Sixty-seven fellows and fifty-seven different mentors have participated in the program since its beginning. To date, twenty-seven of sixty-one graduate fellows have received director appointments. Overall, 75% of fellow graduates have been promoted to director or other positions of higher responsibility.

Download the program brochure, which includes information on program design, schedule, and application process. For more information about the program, please contact Carol Jenkins, Program Director, AAHSL Future Leadership Committee,

Inspiring People in our Region: Brenda Linares, MLIS, AHIP Outreach Librarian and Coordinator of User Services Graduate Assistants

Thursday, April 2nd, 2015








“…by reaching a small group of people, you have already made a difference.”


Brenda Linares, MLIS, AHIP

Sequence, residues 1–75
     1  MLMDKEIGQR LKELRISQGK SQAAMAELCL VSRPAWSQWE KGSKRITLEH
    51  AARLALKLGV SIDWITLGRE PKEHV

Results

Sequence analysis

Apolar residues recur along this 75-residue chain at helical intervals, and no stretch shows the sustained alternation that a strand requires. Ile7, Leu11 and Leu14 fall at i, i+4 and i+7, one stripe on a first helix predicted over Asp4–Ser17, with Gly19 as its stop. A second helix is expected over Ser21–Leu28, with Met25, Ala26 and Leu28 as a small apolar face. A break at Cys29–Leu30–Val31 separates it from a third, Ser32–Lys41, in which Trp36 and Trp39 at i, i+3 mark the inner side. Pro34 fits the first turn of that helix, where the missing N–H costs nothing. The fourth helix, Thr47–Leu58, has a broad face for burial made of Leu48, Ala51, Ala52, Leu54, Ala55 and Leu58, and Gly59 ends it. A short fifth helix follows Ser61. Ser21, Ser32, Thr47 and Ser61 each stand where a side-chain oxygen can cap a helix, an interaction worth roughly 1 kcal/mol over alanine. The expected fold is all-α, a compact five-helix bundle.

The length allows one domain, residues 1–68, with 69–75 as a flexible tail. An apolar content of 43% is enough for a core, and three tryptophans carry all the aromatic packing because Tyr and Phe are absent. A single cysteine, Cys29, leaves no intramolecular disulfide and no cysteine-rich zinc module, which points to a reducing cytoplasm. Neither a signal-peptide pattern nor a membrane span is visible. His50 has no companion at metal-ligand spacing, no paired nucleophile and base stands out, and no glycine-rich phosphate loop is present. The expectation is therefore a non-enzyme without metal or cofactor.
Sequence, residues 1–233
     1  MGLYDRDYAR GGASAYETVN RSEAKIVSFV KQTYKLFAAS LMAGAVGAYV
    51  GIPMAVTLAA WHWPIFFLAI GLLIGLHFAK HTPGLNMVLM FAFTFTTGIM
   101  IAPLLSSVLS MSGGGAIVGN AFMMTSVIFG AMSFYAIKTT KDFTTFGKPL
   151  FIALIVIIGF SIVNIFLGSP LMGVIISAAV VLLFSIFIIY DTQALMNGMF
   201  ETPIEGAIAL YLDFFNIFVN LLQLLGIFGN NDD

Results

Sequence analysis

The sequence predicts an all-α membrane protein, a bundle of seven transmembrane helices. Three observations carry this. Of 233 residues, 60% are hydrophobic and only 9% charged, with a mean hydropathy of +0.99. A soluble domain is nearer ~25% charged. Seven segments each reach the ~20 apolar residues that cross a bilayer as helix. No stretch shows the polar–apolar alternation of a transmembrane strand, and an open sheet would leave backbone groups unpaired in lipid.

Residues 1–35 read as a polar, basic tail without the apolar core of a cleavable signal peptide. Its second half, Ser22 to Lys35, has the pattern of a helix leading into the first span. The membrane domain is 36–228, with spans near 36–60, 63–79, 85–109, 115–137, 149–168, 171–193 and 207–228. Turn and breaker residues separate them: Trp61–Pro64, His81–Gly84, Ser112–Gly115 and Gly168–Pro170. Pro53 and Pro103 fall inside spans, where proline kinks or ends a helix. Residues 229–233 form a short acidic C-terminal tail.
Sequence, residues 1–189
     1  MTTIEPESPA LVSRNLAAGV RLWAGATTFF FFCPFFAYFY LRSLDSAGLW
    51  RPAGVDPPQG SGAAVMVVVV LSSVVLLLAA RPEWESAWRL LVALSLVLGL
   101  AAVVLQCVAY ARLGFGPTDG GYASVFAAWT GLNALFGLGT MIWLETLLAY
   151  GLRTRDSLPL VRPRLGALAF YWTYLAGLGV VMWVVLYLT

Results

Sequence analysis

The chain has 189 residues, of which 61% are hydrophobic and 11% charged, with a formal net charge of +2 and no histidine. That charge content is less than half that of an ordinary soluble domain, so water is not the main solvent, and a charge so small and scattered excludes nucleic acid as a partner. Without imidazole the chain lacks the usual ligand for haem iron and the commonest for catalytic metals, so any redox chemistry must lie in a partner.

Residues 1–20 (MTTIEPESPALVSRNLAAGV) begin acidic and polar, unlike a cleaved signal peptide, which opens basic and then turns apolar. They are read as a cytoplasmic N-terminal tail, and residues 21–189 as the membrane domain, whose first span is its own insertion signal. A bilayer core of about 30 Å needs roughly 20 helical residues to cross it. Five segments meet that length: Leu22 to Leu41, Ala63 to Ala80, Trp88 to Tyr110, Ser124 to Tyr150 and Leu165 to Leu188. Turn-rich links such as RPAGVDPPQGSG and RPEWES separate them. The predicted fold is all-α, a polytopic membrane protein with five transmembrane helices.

University of North Carolina (UNC), Chapel Hill
Chapel Hill, NC

What is your position?

I serve as the Outreach Librarian and Coordinator of User Services Graduate Assistants at the Health Sciences Library at UNC Chapel Hill.

Is there something in your own personal story that led you to do the work you do?

As a Latina immigrant, I grew up with the experience of noticing the big digital divide and health disparities that impact the Latino community. When I became a medical librarian, I wanted to reach out to those communities affected by health disparities and make a difference with quality information. I know that well informed people will make better decisions about their lives; therefore, I felt that I could make a difference in someone’s life by providing the right information at the right time. Being a medical librarian has provided me with the opportunity to reach out to those communities with tools and health information that can help them improve their health.

What do you love most about your outreach work?